Fun fact: there have been 14 major feature films with the title Aftermath or The Aftermath.
Elliot Lester’s film, however, was originally titled 478, before it was changed to describe the film more directly. It certainly makes it look and sound more generic, and the presence of ageing strongman Arnold Schwarzenegger does little to make it stand out from the pack. If you knew nothing about this movie going in, you’d imagine that it’s a revenge drama with carefully orchestrated bone-crunching violence.
You’d only be half right if you thought that, because this is a Schwarzenegger in the serious drama phase of his career, his first role since 2015’s post-apocalyptic zombie drama Maggie.
Much like that film, Aftermath is meant to be a showcase for his acting skills, for him to have his ‘Oscar moment’. He plays Roman, a grizzled construction worker working in America, sending money back to his family in Ukraine.
He’s one of those familiar older men, the kind who dive into work especially in the years leading up to their retirement because they’re so terrified of a life where they don’t know what to do with their time. When he learns his wife and daughter are visiting him for Christmas, his foreman has to tell him twice to stay the hell away from work.
The other principal character in this story is Jacob Bonanos (Scoot McNairy), an archetypal, small-town American who lives an idyllic life in a quiet suburb (of another town) with his beautiful, caring wife Christina (Maggie Grace) and son. An early anecdote, as well as McNairy’s body language, tell us that he is a fragile man who doesn’t have the stomach for conflict, disagreement, and loneliness.
Based on a real-life incident that took place in Germany 15 years ago, Aftermath shakes things up with a tragedy. Jacob, who works as an air-traffic controller, comes into work, like any other day. The scene builds up slowly: his colleagues leave for a break, two maintenance workers show up to repair equipment unscheduled, he sips on bad coffee that might send him running to the bathroom at any moment. Somewhere, while trying to do his job under the circumstances, there’s a misunderstanding, and two planes collide in mid-air, killing everyone on board. One of those planes had taken off from Ukraine, with Roman’s wife and daughter on board.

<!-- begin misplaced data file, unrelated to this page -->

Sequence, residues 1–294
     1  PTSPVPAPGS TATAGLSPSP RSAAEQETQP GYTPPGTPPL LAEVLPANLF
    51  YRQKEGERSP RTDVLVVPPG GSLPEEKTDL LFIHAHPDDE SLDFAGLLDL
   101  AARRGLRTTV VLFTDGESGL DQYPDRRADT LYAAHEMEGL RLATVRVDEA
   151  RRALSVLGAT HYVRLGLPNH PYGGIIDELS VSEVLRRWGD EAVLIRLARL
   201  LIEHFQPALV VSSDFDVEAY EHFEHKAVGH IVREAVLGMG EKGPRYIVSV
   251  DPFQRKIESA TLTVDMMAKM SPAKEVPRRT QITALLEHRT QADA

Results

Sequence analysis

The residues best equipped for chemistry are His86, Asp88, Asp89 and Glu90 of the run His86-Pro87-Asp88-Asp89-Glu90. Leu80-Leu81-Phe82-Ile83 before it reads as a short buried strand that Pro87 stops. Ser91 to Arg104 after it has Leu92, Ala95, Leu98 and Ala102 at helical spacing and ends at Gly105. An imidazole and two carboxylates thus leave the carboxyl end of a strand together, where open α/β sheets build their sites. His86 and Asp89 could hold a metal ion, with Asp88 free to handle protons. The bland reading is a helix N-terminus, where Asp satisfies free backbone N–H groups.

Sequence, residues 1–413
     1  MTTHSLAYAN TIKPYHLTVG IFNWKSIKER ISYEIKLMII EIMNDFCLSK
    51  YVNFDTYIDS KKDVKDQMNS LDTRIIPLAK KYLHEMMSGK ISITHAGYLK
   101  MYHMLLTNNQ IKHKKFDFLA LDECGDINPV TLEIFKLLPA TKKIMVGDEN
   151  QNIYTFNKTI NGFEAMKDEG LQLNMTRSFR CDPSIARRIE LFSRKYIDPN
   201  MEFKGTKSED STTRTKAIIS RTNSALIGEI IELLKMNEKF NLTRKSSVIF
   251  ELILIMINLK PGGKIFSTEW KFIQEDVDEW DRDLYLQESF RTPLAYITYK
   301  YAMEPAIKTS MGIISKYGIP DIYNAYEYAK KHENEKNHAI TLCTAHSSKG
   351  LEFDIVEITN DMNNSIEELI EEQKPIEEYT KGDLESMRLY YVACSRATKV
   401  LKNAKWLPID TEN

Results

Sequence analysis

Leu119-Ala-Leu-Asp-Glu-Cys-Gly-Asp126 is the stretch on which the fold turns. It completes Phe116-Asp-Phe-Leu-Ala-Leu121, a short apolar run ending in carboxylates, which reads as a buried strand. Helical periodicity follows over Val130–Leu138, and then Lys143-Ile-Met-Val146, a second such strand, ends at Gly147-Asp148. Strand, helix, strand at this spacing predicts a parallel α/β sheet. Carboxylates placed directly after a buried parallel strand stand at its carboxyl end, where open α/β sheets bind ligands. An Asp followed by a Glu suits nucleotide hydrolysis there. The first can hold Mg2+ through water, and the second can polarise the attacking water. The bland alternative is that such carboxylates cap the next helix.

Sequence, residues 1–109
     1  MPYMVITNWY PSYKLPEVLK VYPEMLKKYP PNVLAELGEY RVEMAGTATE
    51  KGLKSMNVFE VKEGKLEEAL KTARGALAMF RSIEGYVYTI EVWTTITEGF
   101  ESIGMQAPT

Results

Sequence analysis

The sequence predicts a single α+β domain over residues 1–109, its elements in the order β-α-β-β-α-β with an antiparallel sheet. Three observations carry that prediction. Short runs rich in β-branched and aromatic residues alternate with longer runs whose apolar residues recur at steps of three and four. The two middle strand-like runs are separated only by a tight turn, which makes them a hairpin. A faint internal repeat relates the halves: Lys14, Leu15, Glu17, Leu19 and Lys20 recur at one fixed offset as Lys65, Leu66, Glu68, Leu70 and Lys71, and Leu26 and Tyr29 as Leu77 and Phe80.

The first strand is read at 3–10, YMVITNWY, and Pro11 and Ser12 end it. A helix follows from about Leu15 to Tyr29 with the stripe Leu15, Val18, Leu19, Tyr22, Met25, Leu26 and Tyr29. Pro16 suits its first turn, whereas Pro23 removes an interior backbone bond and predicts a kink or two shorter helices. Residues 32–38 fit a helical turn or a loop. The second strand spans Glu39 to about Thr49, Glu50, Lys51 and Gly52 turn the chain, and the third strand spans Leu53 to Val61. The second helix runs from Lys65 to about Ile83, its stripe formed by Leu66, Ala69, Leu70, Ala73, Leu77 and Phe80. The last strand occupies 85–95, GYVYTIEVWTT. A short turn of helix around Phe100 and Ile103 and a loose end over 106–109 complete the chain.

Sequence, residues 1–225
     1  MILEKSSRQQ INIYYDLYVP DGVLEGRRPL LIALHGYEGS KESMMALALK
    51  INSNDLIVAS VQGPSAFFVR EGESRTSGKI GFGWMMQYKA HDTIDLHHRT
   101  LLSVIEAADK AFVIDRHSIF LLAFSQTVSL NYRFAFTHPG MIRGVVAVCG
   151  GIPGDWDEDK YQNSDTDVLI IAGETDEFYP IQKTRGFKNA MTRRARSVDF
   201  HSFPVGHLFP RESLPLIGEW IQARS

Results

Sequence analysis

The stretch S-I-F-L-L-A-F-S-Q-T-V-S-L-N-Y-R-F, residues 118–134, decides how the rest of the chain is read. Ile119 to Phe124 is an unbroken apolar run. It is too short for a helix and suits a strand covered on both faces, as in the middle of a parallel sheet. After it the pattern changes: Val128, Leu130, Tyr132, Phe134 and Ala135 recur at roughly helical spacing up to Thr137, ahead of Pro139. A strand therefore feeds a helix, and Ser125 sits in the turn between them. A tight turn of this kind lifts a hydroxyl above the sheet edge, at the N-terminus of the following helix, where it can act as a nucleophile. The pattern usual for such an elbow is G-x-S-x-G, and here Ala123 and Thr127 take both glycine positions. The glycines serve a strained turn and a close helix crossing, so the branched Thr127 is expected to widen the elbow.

There’s plenty of material to wring and extract compelling cinema from in this film, which Lester paces deliberately slowly, to match the rhythm of life experienced by the characters.
Schwarzenegger gives it a solid go and is frequently watchable, coming up with a performance that’s a little repetitive and rough around the edges, but watchable nevertheless.
McNairy, a great choice for the role, is several shades better, painting an intriguing picture of bewildered guilt and wounded male pride. Both succeed in conveying the film’s central idea: apologies provide catharsis, and sometimes men will go to any lengths for them.
What they’re let down by is the slight material of Javier Gullon’s script, which could’ve given them more to do and could’ve been more sharply written. There’s a sense of vagueness to the proceedings that make several portions leading up to the end — which is undeniably effective — a bit of a slog to endure. Its glacial pacing may work as a deterrent, and the territory it traverses might be familiar, but Aftermath has tiny rewards for those who choose to engage with it.
Join The Quint on WhatsApp. Type “JOIN” and send to 9910181818.